Home Supporting structure A breakdown of the amount of capital that will actually fight climate change

A breakdown of the amount of capital that will actually fight climate change

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The recent UN COP26 climate negotiations have once again revealed how the world’s wealthiest nations are failing to deliver on their commitments to the developing world. This was perhaps most powerfully symbolized by the failure of OECD countries to provide $100 billion a year in capital as promised. Yet a far greater shortcoming of public climate finance is its persistent failure to attract the private capital that increasingly appreciates the long-term imperative of climate action and will be essential if the world is to spend the trillions necessary to combat climate change.

Multilateral Development Banks (MDBs) are well placed to help, including by developing strategies to mobilize climate capital financed by rich countries. Mobilizing public finance to unlock private capital has become a cliché. But, even if the problem is not new, the time has come to refocus attention.

How is public capital used?

Total climate finance averaged $632 billion a year in 2019/20, up nearly 75% from the start of the decade, according to the Climate Policy Initiative’s latest annual survey. Public capital accounted for 51% of total investment, but the bulk was invested domestically — OECD support for climate efforts in developing countries was only 12%, or $78 billion (see Figure 1 ). Developing regions were heavily dependent on public capital, led by sub-Saharan Africa, where public finance accounted for $17 billion out of a total annual investment of $19 billion (see Figure 2).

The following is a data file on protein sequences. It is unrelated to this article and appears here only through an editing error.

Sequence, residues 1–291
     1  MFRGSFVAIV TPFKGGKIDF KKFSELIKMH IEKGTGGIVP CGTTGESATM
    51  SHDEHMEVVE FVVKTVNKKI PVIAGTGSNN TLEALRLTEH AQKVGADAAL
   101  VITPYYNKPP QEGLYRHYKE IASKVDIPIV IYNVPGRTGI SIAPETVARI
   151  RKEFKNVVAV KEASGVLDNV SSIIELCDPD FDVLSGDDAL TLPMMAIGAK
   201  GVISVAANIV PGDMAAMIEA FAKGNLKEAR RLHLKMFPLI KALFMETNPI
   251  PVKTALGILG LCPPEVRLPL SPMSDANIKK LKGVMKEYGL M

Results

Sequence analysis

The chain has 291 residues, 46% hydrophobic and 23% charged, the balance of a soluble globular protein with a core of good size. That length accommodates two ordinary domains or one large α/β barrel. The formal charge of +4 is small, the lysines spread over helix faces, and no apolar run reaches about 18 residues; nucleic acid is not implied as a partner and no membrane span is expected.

Figure 1: Breakdown of total climate finance by type of source and destination. Source: Climate Policy Initiative.

Figure 2: Breakdown of total climate finance by recipient region, in billions of dollars.  Source: Climate Policy Initiative.

Figure 2: Breakdown of total climate finance by recipient region, in billions of dollars. Source: Climate Policy Initiative.

It is estimated that $4 trillion to $5 trillion of investment per year is needed to meet global decarbonization goals, sums far too large to be expected from public funds. Thus, private capital will have to take a big step forward, and quickly. Despite growing commitments from the investment community, private capital alone is unlikely to close the spending gap. In developing economies, this is largely due to investment risk (real and perceived) and related illiquidity. Risks are varied, but include construction, policy/legal, currency and customer/credit. Instead, it is expected that public funds and support will be needed to help mobilize this private investment – ​​this has been the assumption for some time.

There are several reasons why MDBs are well placed to lead the public sector effort to mobilize private climate capital. For starters, they can mitigate at least some of the risks for private investors given MDBs’ knowledge of operational and political conditions in the developing world, and their experience in project planning and lending. MDBs also have experience supporting public sector investments (and most climate infrastructure will be government-owned). They are efficient, leveraging collateral to borrow up to 12 times the funds donated by their government shareholders. And finally, the World Bank’s shared ownership structure ensures that while most countries participate, the wealthiest economies bear the bulk of the financial burden.

MDBs also have experience supporting public sector investments (and most climate infrastructure will be government-owned).